Brain Stimulator: Chess

Chess is a sport never to be underestimated. Although some people do not consider this game to be a sport, it is great exercise for the brain.

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Chess today has the same characteristics and style as the game that was played in England during the Renaissance. Basically, chess is a battle between two armies. It was at first considered a game for nobility. Literature reflected it as a metaphor for moral behavior.

The different chess pieces were linked to the different classes of people. The design of the chess pieces and how they must move on the board is derived from proper behavior and decorum. For instance, knights in chess were designed as horses and behave like a knight who attacks the opponents to defend the king.

Chess is a very challenging game because all players must employ simultaneous strategies, planning – how to get the best long-term advantages over their opponents, and tactics – making short-term moves – to win. Many chess masters and prodigies often memorize hundreds of patterns for moves that have been proven to be successful through extensive practice. An average player can create and invent moves and strategies.

Whose brain would not be stimulated in every highly engaging battle of wits to determine who will be able to checkmate the other player’s king first?

4 Amazing Female Chess Players

The presence of women in chess tournaments is barely felt. In a study conducted by psychologist and Fédération Internationale des Échec (FIDE) Master Merim Bilalic, more men play chess than women. This is why most people perceive the game of chess as more of a “man’s game”.

However, that is not necessarily true. Even though the number of female players is scarce, a lot of them are actually succeeding in this game.  Some, at a very young age, have even attained their grandmaster (GM0) titles. In this article, you’ll be introduced to the greatest and most brilliant female players who dominated the chess tournaments.

1. Susan Polgar

Susan Polgar is a Hungarain-American grandmaster. She is the very first female player who earned her title by competing in the regular tournaments, rather than winning it in the World Women’s Chess Championship (WWCC). Furthermore, Polgar was the very first woman who qualified for the 1986 World Championship series. She won ten Olympic medals, and four WWCC Championships. Currently, she holds an Elo rating of 2577.

Aside from competing in tournaments, she has also written several books about chess such as Queen of the Kings and Chess Tactics for Champions. She also writes for several publications like Chess Life, Chess Horizons, and Georgia Chess. 

2. Alexandra Kosteniuk

She is considered as one of the top grandmasters in Russia. Kosteniuk started playing the board game at the tender age of five years old. By the time she was 17, she already competed in the final round of the WWCC. Unfortunately, she was crushed by Zhu Chen, the Qatari chess Grandmaster. After three years, she managed to stage a comeback, and won the European women’s tournament in Dresden, Germany.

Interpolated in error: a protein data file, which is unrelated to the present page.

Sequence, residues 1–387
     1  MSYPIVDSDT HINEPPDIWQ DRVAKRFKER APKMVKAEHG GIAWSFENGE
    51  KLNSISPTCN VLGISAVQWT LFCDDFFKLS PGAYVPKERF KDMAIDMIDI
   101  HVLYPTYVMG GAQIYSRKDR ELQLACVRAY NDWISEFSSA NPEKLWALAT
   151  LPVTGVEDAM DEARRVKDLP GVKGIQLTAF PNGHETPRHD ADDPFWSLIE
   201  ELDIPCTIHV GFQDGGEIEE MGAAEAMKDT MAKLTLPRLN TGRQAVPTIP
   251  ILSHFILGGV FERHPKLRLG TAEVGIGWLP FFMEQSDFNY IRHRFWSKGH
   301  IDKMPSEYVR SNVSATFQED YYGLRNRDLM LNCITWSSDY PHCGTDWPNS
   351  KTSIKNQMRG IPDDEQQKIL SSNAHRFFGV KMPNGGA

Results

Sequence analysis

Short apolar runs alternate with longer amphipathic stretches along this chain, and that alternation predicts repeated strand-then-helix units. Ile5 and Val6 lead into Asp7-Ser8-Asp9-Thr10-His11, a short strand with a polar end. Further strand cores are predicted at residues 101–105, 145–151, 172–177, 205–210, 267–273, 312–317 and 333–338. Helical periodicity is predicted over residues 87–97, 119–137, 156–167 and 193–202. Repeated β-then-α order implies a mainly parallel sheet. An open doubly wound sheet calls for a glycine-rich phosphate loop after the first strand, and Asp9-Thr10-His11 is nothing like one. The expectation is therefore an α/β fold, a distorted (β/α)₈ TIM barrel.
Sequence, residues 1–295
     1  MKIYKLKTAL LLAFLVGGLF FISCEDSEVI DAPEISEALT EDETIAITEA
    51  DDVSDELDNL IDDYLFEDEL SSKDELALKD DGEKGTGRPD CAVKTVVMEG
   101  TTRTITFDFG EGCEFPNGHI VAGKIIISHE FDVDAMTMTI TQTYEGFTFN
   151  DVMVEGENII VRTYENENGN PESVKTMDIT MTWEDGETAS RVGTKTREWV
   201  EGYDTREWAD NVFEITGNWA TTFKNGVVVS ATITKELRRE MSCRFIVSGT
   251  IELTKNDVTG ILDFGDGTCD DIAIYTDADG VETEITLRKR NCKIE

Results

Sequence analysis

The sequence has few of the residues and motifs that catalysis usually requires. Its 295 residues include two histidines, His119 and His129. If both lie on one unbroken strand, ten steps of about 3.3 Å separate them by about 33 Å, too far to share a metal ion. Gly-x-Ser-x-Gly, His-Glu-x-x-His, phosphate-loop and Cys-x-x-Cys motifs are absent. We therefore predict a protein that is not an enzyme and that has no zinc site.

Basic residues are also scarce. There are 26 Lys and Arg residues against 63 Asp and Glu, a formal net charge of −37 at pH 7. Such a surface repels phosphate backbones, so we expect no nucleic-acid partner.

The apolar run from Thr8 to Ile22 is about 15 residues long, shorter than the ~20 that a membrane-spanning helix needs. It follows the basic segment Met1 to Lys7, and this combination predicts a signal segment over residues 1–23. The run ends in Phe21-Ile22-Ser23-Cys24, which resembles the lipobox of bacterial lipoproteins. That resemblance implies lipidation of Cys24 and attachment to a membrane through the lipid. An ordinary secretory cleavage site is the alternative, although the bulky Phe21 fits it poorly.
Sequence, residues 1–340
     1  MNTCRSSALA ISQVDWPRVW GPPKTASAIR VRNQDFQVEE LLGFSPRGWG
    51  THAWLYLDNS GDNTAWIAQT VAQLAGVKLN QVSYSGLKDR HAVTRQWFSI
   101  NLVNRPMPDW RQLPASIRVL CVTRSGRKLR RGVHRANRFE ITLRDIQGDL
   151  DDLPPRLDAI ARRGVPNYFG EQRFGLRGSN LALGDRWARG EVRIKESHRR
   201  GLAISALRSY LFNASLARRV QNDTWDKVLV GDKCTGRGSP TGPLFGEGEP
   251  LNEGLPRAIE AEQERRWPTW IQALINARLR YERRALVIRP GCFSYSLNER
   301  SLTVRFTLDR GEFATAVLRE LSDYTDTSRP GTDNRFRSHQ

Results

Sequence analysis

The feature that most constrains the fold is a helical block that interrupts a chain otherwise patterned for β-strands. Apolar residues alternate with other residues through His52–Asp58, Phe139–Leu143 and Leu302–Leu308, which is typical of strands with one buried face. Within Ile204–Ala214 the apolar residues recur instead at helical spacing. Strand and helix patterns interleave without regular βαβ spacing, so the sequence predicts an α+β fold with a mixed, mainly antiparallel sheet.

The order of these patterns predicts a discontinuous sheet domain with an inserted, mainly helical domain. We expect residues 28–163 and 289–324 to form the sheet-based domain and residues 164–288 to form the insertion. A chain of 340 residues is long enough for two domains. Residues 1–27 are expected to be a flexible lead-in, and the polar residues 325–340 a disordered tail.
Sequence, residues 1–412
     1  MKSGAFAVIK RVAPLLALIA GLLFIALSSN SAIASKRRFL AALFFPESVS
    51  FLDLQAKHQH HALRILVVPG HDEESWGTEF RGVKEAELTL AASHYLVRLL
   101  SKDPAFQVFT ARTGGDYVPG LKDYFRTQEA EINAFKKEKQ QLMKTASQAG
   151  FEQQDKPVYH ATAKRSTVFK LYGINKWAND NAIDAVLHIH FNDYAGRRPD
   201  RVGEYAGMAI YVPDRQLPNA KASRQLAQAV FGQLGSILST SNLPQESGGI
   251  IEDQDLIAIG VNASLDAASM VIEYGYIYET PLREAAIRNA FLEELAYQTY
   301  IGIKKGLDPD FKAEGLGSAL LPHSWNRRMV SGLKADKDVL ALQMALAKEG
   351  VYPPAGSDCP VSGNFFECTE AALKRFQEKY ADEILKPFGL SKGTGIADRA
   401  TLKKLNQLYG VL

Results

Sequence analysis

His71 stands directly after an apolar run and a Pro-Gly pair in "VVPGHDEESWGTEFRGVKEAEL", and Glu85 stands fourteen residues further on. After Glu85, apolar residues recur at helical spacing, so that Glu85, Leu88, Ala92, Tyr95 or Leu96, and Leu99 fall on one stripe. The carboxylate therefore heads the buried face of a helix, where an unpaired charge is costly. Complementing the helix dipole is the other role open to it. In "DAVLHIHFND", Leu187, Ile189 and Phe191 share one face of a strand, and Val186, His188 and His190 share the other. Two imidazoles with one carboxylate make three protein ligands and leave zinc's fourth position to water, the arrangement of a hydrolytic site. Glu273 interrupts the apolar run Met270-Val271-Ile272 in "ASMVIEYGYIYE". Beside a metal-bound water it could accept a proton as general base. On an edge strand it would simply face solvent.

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She received the title of grandmaster back in 2004, making her the tenth woman to receive this coveted title. But before she even attained this status, she already won other awards such as International Master, and Woman Grandmaster.

Kosteniuk is also a fashion model and an official chess ambassador.

3. Judit Polgar

Named as the Princess of Chess, Judit Polgar is considered as the strongest female player in the game. Polgar earned her GM status in 1991, when she was only 15 years old. At that time, she was the youngest player who achieved such an impossible feat. In fact, she even broke the previous record that was held by Bobby Fischer.

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Currently, she holds an Elo rating of 2705, making her the only woman who broke free from the 2700 rating hurdle.

4. Jennifer Shahade

Jennifer Shahade is an American player and author. She won the American women’s chess tournament two times in a row, and has an Elo rating of 2322. Shahade is the first and only female player to nab the first place in the U.S. Junior Open back in 1998. And in 2002, she bagged the top prize at the U.S. Women’s Chess Championship.

Shahade studied comparative literature at New York University. You can see some of her works in several publications such as Chess Life, The New York Times, and New in Chess. She also wrote a book called Chess Bitch. Currently, she’s the online editor-in-chief of www.uschess.org.

Aside from chess, she is adept at poker too. In 2007, she managed to finish 17th place out of 1286 in the Ladies World Series of poker.

Just because there are more male grandmasters doesn’t mean that they are the only ones excelling in the game. If there’s one thing that you can learn from Judit Polgar, Jennifer Shahade, and the other players; it’s that gender is never a hindrance to your success. You can be a grandmaster too, as long as you remain passionate and focused on your goals.

Are there any other brilliant female players we forgot to mention? Let us know in the comments!